From the USCCB - *Marriage: Love and Life in the Divine Plan
A Pastoral Letter of the United States Conference of Catholic Bishops
In some cases, divorce may be the only solution to a morally unacceptable situation. A
specific example is a home where the safety of a spouse and children is at risk. As the Catholic bishops of the United States, we reiterate what we said in our pastoral message on domestic violence, When I Call for Help, namely, that no one in a marriage is obliged to maintain common living with an abusing spouse.38 We want to assure people who are caught in the tragedy of an abusive marriage that the Church is committed to offering them support and assistance.*
CCC - 2383 The separation of spouses while maintaining the marriage bond can be legitimate in certain cases provided for by canon law.177 (1649)
If civil divorce remains the only possible way of ensuring certain legal rights, the care of the children, or the protection of inheritance, it can be tolerated and does not constitute a moral offense.
I don’t know how much more practical it can get. If one wants an answer to a specific marital situation then that person should speak to their priest.
The Church accepts that some circumstances will demand separation and in some cases a legal divorce. No one is obligated to submit themselves or children to serious danger, be that physical or psychological.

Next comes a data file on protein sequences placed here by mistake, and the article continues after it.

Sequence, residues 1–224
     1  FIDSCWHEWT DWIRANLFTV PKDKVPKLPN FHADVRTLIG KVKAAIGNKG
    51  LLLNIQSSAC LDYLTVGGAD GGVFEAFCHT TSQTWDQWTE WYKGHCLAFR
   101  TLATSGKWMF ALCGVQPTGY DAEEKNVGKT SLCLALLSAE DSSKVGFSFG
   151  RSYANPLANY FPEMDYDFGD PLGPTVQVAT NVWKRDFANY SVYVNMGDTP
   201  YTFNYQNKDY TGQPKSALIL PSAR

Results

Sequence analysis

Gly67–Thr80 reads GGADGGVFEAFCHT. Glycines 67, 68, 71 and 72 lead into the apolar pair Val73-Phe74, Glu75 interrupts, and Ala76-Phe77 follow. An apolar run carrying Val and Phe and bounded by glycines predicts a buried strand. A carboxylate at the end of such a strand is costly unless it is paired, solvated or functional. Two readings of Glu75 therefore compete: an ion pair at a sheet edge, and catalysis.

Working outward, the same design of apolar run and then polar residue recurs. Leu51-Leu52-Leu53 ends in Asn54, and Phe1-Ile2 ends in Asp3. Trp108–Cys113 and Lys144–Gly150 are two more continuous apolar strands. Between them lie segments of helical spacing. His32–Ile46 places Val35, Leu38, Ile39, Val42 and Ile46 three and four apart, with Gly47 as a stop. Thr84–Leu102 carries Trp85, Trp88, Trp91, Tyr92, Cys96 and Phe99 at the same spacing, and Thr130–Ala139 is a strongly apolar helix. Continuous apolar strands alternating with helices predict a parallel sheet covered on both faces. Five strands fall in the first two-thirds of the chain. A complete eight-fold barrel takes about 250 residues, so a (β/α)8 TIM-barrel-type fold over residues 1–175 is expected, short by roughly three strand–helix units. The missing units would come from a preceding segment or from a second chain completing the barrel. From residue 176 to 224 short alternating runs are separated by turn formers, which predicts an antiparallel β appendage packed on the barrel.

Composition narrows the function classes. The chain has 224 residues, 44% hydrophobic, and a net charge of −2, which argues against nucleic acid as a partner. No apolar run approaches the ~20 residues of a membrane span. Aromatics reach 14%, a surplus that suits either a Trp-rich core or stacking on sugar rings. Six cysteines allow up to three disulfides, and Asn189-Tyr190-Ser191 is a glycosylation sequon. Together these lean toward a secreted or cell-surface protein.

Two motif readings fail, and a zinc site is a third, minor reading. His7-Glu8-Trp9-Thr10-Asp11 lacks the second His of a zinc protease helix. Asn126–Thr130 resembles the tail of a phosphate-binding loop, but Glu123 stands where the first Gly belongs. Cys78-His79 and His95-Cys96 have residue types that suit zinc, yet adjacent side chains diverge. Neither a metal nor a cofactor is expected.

Separation is permissible when there is adultery - even if the adulterer is repentant. The Church strongly encourages forgiveness and reconcilliation, but it is not required. The decision remains the right of the innocent spouse (as below):
Can. 1152 §1. Although it is earnestly recommended that a spouse, moved by Christian charity and concerned for the good of the family, not refuse forgiveness to an adulterous partner and not disrupt conjugal life, nevertheless, if the spouse did not condone the fault of the other expressly or tacitly, the spouse has the right to sever conjugal living unless the spouse consented to the adultery, gave cause for it, or also committed adultery.
§2. Tacit condonation exists if the innocent spouse has had marital relations voluntarily with the other spouse after having become certain of the adultery. It is presumed, moreover, if the spouse observed conjugal living for six months and did not make recourse to the ecclesiastical or civil authority.
§3. If the innocent spouse has severed conjugal living voluntarily, the spouse is to introduce a cause for separation within six months to the competent ecclesiastical authority which, after having investigated all the circumstances, is to consider carefully whether the innocent spouse can be moved to forgive the fault and not to prolong the separation permanently.